Stephen A. Smith Says The Best Career Advice He Ever Got Came From Donald Trump

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Long-time ESPN personality Stephen A. Smith has made an entire career off of the force of his personality. His success and fame, along with his ubiquity and longevity, are a testament to the notion that it doesn’t matter so much what you say, as long as you say it loudly and with conviction.

He spent a large chunk of his career sitting across the desk from long-time sparring partner Skip Bayless on ESPN’s First Take, until the latter left for Fox Sports and was replaced with the equally pugnacious Max Kellerman.

But Smith’s career wasn’t always so rosy. There was a stretch during his early days at ESPN when the network cancelled his show Quite Frankly and didn’t renew his contract. Smith had an opportunity to interview Donald Trump on Quite Frankly, and he claims the now president offered him some of the most important advice of his career.

Via Vinson Cunningham of The New Yorker:

“I need you to brace yourself,” he said. “What I’m about to tell you is gonna blow you away. And I promise you, it will be in your article. Book it: what I’m about to tell you right now. And I wasn’t going to tell you unless you asked. The defining moment in terms of this epiphany, where it elevated to another level, was courtesy of a man now known as the President of the United States of America, Mr. Donald Trump.”

Trump was a guest on “Quite Frankly,” which aired from 2005 to 2007. “And, at one point—I don’t think this was an on-air segment—he said, ‘Stephen, when you go to a bank and you borrow three million dollars, and you can’t pay it back, you’ve got a problem. But when you go to a bank and you borrow three hundred million dollars, and you can’t pay it back, we’ve got a problem.’ ” (A variation of this maxim is often attributed to J. Paul Getty, whose company, coincidentally, provided the early backing for ESPN.) “He said, ‘The moral of the story is, The more they invest in you the more they must insure your success. If you come cheap, you’re expendable. But, if you’re expensive, you’re valued. Don’t ever forget that.’ That’s what he told me. I never forgot it. Little did I know he would become the President.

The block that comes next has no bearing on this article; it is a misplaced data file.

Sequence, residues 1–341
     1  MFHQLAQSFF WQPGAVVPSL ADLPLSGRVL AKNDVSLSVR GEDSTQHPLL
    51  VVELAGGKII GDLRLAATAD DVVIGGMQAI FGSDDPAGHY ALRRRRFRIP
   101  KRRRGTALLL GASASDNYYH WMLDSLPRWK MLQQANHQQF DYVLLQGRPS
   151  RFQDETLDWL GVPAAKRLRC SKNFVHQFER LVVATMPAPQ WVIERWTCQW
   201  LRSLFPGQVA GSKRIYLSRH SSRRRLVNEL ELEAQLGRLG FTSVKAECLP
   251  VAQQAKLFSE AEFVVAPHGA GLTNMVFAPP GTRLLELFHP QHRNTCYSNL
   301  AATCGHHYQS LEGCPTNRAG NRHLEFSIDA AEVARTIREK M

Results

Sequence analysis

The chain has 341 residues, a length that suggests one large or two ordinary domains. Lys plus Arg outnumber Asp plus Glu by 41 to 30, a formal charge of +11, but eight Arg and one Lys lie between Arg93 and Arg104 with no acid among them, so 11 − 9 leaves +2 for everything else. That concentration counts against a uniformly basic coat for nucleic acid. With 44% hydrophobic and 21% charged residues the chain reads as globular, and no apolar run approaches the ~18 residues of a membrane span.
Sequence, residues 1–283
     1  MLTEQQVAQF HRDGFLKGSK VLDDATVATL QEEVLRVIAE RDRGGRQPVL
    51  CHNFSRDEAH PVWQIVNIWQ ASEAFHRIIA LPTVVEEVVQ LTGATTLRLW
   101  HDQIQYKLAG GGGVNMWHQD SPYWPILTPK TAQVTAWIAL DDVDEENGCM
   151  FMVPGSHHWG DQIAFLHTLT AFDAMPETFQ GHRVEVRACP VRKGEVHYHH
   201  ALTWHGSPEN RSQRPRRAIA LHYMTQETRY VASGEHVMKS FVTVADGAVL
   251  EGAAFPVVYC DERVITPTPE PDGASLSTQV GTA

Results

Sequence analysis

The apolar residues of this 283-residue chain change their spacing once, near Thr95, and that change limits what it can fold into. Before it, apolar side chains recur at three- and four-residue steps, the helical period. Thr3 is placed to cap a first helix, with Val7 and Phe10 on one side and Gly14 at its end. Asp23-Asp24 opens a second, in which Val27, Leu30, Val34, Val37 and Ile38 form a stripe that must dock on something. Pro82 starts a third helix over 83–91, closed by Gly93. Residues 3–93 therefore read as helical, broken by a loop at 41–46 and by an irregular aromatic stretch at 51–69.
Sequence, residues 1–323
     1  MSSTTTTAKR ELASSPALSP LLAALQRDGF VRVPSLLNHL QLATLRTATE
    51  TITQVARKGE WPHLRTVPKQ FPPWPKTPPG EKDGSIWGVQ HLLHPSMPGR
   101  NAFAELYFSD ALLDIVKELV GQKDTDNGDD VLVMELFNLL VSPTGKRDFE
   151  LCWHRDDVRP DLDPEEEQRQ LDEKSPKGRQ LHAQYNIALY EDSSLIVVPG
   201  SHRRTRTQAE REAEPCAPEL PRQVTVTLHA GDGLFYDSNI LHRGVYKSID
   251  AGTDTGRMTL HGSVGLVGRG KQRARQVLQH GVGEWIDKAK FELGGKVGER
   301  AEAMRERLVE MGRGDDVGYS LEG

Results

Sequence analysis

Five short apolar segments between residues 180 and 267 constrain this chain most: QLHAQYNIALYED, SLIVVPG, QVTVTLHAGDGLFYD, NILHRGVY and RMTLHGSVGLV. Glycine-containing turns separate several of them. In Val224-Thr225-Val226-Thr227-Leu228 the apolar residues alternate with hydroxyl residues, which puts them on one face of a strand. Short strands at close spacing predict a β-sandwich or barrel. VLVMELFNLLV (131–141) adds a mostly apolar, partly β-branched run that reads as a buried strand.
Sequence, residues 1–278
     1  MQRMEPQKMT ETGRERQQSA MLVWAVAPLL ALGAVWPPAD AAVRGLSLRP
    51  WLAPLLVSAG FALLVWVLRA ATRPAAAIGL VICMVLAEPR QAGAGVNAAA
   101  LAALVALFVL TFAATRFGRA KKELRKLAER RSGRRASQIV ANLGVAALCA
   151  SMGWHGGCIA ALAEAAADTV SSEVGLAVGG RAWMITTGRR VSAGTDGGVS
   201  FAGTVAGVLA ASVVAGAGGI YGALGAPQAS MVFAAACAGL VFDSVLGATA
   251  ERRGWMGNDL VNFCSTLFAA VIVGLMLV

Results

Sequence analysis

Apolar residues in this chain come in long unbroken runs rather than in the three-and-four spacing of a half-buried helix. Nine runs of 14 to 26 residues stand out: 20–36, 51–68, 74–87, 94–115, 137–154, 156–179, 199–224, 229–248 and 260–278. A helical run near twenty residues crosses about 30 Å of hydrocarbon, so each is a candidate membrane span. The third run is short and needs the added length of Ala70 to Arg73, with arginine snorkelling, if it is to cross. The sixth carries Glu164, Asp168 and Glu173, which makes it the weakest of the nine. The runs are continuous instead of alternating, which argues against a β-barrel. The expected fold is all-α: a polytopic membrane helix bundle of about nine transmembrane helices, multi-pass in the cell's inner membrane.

“I’m incredibly disappointed in him behaviorally,” he quickly added. “But that’s it. I don’t get into the politics.”

It doesn’t seem all that surprising that Smith would benefit from advice from a fellow world-renown blowhard, but Cunningham’s piece is truly a fascinating portrait of one of the sports world’s biggest and most overbearing personalities.

There are all sorts of interesting tidbits about Smith’s life and career, such as his recurring role on General Hospital, his brief enrollment at the Fashion Institute of Technology, and perhaps most entertaining, a lengthy physical description of Smith that includes such as gems as “His hairline sits ever farther back from his squirming eyebrows, and his shifting expanse of forehead signals emotions before they make their way out of his mouth. It clenches into a furious rictus, or gathers itself into three befuddled folds as his brows jolt upward…”

It’s well worth the read, regardless – or maybe even especially? – of how you feel about Smith and his whole manner of being.

(The New Yorker)